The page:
Saturday, 9 May is Europe Day. Seventy years ago, the French foreign minister, Robert Schuman, proposed the creation of a high authority regulating coal and steel, the very industries needed to wage war. In response, the European Coal and Steel Community (ECSC) was established as the first real step along the path of European integration. The ECSC would later grow and evolve into today’s European Union, the largest peace project in history.
The day before, 8 May, is Victory in Europe Day. Seventy-five years have passed since the end of World War II. The anniversary comes as the International Monetary Fund (IMF) warns that the “Great Lockdown” in response to the COVID-19 pandemic will trigger the worst economic downturn since the Great Depression of the 1930s. At the same time, the Executive Director of the World Food Programme is warning that, in the developing world, there is a real risk of “multiple famines of biblical proportions” potentially resulting in 300,000 deaths per day.
Could the world be sliding into the sort of chaos witnessed in the 1930s? There are enormous differences between the situation today and the period between the end of the First World War and the rise of totalitarianism. For one thing, the memory of world war is no longer raw in most people’s minds, and modern states (at least, in the developed world) have social safety nets to prevent people falling into the abject poverty of the 1930s.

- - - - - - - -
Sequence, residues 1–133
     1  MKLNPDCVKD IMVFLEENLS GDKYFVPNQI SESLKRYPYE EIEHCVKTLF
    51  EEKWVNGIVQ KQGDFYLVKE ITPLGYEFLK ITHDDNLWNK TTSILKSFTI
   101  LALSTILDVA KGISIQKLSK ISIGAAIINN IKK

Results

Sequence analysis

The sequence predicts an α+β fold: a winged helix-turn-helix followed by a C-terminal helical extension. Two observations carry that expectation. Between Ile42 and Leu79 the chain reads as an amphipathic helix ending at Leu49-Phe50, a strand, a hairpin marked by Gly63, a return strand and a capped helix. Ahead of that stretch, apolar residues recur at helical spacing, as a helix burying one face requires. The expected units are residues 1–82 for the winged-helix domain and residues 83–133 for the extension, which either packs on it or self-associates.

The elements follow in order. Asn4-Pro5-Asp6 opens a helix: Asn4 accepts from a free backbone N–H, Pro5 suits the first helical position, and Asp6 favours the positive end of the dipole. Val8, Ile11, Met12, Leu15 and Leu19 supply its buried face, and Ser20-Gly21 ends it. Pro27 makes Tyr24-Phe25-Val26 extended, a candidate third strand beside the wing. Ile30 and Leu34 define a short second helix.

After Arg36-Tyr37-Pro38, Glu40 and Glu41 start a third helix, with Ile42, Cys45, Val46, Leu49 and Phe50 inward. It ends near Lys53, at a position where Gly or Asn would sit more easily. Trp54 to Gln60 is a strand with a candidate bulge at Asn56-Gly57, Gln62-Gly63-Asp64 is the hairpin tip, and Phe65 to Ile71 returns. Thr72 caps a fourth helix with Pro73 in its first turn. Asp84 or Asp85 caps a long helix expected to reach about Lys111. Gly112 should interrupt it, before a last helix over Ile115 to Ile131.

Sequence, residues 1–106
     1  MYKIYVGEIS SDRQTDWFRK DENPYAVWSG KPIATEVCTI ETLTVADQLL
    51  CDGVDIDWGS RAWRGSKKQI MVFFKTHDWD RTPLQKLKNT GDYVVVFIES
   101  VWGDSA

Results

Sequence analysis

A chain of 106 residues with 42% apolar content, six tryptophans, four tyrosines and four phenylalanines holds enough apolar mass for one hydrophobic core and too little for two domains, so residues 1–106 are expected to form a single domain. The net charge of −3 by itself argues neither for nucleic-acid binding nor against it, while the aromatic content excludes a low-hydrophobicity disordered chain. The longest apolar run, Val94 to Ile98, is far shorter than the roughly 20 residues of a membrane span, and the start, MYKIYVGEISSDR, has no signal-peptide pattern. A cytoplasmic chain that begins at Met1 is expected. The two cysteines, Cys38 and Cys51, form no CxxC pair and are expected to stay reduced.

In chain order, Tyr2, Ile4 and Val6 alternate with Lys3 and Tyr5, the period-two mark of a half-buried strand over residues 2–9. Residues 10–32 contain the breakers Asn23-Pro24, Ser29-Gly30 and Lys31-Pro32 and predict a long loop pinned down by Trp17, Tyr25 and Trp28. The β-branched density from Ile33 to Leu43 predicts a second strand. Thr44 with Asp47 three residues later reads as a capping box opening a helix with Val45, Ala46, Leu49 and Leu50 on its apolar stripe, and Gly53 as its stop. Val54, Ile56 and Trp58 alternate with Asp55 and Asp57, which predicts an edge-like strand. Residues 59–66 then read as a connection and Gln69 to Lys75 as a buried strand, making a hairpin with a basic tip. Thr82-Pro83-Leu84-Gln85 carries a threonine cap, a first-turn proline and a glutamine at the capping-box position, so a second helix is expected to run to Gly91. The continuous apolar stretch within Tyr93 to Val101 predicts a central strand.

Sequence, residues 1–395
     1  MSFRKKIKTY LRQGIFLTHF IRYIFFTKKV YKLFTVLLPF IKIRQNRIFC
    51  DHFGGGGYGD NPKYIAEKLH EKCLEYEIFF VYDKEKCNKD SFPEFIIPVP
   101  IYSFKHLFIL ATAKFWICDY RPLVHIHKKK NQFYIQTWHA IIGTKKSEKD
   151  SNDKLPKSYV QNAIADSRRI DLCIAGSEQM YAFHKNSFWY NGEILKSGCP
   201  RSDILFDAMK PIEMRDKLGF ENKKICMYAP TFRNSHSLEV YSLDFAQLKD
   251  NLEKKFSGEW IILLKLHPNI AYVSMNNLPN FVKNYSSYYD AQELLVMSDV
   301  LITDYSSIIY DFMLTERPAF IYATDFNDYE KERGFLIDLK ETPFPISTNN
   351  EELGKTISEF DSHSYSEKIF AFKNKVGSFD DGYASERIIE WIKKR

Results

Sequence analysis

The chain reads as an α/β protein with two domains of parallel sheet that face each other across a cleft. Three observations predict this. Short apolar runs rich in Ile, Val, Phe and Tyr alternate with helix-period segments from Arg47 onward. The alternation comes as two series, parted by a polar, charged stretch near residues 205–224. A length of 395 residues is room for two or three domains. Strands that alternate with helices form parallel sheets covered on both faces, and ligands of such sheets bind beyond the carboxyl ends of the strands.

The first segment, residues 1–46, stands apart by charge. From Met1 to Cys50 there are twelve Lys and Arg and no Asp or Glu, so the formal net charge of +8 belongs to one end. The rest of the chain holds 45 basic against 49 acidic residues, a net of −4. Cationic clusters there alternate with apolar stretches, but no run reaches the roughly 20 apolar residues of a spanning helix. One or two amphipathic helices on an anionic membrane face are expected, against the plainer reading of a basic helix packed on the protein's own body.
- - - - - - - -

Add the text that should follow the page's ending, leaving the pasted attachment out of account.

Political violence is also less common today (in Europe) than it was in the 1930s. By and large, political parties in Europe today do not tend to have paramilitary wings. In the Weimar Republic, even Centrist parties had armed groups affiliated with them, and violent street battles were not uncommon in Berlin.
Could the chaos of the 1930s happen again? Will the COVID-19 pandemic create economic misery on the scale of the Great Depression? Will it widen existing inequalities and lead to growing political extremism? Or are the differences between now and then greater than the similarities? Let us know your thoughts and comments in the form below and we’ll take them to policymakers and experts for their reactions!